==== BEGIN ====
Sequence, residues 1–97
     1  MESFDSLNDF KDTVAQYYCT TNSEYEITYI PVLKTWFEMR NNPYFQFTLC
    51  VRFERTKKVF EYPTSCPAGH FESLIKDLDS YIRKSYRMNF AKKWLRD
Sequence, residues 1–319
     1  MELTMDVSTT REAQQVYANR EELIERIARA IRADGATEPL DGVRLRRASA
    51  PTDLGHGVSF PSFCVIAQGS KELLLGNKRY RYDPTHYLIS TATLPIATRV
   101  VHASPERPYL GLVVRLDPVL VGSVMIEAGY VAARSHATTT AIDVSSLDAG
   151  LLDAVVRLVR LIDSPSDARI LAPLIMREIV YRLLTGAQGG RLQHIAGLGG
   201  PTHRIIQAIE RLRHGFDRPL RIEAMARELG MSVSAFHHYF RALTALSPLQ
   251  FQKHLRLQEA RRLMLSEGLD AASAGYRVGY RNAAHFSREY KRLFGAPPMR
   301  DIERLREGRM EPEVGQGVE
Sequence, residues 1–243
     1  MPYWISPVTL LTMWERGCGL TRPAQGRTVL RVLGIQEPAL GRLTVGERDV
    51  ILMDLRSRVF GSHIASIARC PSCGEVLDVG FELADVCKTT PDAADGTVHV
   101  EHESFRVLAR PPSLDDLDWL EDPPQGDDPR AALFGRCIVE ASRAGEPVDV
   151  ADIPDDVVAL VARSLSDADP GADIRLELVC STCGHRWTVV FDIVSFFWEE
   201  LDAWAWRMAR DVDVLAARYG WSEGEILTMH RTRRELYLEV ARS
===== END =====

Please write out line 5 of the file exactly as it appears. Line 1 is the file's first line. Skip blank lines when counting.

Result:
     1  MELTMDVSTT REAQQVYANR EELIERIARA IRADGATEPL DGVRLRRASA